Salmonellosis is a bacterial infection that usually affects the digestive system, and occasionally affects urine, the bloodstream, or other body tissues.
Salmonella is a common cause of diarrheal illness in Wisconsin.
Salmonella is spread by eating or drinking food or water with Salmonella bacteria in it, by touching objects with Salmonella germs on them, or by touching poop from infected people or animals.
Every year, the bacteria cause nearly one million illnesses spread by food nationwide.
To prevent salmonellosis, it is important to wash your hands often and properly.
People can get infected with salmonellosis by eating or drinking food or water with Salmonella bacteria in it.
- Salmonella are commonly found in raw meats, poultry, eggs, and unpasteurized dairy products.
- It is important to wash your hands before and after handling food such as raw meats and eggs.
People can also get infected by contact with poop from people or animals that have salmonellosis.
- Salmonella can be found anywhere in the environment and commonly lives in the intestines of many types of animals.
- An infected person can spread Salmonella in their poop several days to several weeks after becoming infected.
- Some people, such as infants or people who have been treated with antibiotics, may carry the bacteria in their poop for months.
- About 1% of infected adults, and 5% of children under the age of 5 can carry Salmonella in their poop for over one year.
- It is very important to wash your hands often and properly, especially after contact with animals, such as chicks, dogs, cats, and reptiles, after going to the bathroom, and before eating or handling food.
Symptoms usually appear 12–36 hours after contact with Salmonella bacteria. However, they can occur as quickly as 6 hours or as long as one week after contact.
Common signs and symptoms include:
- Abdominal pain
- Bloodstream infection (uncommon)
Certain strains of Salmonella can be more harmful than others.
Children, the elderly, and those with a weakened immune system may have more serious symptoms.
Most people do not need antibiotic treatment and will recover on their own. It is important to drink a lot of fluids to prevent dehydration while you are having symptoms.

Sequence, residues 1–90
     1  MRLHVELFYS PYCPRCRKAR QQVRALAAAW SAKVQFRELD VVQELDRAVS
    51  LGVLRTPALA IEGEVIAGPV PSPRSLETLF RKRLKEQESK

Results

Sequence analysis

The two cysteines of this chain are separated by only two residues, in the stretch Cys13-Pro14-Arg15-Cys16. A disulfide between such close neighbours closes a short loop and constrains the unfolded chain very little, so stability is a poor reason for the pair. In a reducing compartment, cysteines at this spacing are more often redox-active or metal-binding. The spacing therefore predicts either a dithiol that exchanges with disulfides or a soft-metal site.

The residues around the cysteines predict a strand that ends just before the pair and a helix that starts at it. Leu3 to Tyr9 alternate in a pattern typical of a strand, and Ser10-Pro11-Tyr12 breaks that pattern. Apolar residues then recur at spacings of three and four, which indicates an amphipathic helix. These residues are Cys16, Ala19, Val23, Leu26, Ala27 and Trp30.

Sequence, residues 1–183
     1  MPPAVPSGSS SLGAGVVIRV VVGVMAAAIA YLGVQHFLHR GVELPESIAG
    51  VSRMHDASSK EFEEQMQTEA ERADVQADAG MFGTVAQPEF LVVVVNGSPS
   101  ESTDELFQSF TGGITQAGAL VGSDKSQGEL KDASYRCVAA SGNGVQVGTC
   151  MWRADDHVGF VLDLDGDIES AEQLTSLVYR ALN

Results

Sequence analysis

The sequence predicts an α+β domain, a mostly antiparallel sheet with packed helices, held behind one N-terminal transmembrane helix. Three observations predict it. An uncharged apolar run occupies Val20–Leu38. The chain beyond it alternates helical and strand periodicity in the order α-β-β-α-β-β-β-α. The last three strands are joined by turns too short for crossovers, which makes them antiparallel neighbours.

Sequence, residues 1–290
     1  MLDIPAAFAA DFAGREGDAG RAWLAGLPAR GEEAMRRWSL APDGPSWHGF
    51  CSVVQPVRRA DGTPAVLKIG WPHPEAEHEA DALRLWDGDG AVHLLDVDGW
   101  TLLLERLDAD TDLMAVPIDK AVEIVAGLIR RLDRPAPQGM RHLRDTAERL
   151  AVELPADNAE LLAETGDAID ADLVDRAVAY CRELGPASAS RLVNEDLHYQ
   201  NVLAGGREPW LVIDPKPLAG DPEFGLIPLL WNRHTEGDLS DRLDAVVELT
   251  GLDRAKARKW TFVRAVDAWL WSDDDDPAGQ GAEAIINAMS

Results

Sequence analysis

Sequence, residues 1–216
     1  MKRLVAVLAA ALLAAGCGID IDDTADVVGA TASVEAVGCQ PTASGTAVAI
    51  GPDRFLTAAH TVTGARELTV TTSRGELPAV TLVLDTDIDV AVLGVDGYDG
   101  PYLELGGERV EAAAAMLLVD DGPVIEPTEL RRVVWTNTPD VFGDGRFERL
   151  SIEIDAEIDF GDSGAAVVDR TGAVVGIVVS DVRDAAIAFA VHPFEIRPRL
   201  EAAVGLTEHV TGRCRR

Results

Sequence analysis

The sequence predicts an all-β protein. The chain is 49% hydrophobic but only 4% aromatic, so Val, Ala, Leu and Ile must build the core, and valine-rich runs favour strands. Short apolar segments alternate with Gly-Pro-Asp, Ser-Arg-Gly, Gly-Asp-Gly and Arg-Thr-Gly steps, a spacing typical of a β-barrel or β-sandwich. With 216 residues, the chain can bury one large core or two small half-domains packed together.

- Always treat raw eggs, poultry, beef, and pork as if they are contaminated, and handle accordingly.
- Wrap fresh meats in plastic bags at the grocery store to prevent blood or juice from dripping onto other foods.
- Refrigerate foods promptly; minimize holding at room temperature.
- When refrigerating meats, place them on the bottom shelf to prevent blood or juice from dripping onto other foods.
- Use a designated cutting board for raw meat. Cutting boards and counters used for meat preparation should be washed with soap immediately after use to prevent cross contamination with other foods.
- Always wash hands with soap and water immediately after handling raw meat.
- Avoid eating raw or undercooked meats.
- Ensure that the correct internal cooking temperature is reached, particularly when using a microwave oven.
- Avoid eating raw or undercooked eggs or undercooking foods that contain raw eggs.
- Avoid using and drinking raw (unpasteurized) milk.
- Carefully wash hands with soap contact with animals, such as dogs, cats, and reptiles and farm animals; after going to the bathroom; and before eating or handling food.
- Make sure children wash their hands with soap before eating, especially after handling pets.
- Always carefully wash hands with soap after using the bathroom.
- Salmonellosis Fact Sheet, P-42088 (Multiple Languages): A fact sheet with general information on salmonellosis, including symptoms, treatment, and prevention.
- Salmonella and Backyard Poultry, P-01788 (Multiple Languages): A fact sheet with information on reducing your chances of getting salmonellosis if you have backyard poultry.
- Backyard Poultry: DHS webpage with information on backyard poultry and the diseases they can spread to humans.
- Farm Health and Safety: DHS webpage with information on how to stay safe when working and living on a farm.
- Reptile-associated Salmonellosis Fact Sheet, P-42082 (Multiple Languages): A fact sheet with general information on reptile-associated salmonellosis, such as how the bacteria are spread, treatment, and prevention techniques.
- Health Tips for Your Home, P-44970 (PDF): Healthy home tips including information on food handling and food safety.
- Handwashing: DHS webpage with information on good handwashing techniques to stop the spread of disease.
- Handwashing After Animal Contact, P-01699 (Multiple Languages): A fact sheet on how and when to wash your hands after contact with animals.
- Healthy pets - Healthy people (CDC): Information from CDC on how to keep pets healthy, and prevent them from spreading diseases to humans.
This is a Wisconsin disease surveillance category II disease:
- Report to the patient's local public health department electronically, through the Wisconsin Electronic Disease Surveillance System (WEDSS), by mail or fax using an Acute and Communicable Disease Case Report, F-44151 (Word) or by other means within 72 hours upon recognition of a case.
- Information on communicable disease reporting
Wisconsin case reporting and public health follow-up guidelines:
- Salmonellosis (Nontyphoidal) EpiNet, P-01050 (PDF): A case reporting and investigation protocol for health professionals.
- Wisconsin Routine Enteric Follow-up Worksheet (PDF)
- Wisconsin State Laboratory of Hygiene Clinical Testing Reference Manual
- Foodborne and Waterborne Disease Outbreak Investigation Manual, P-44722 (PDF)
Salmonella Information for Health Professionals: The CDC webpage covering clinical features of a Salmonella infection, diagnosis, treatment, and more.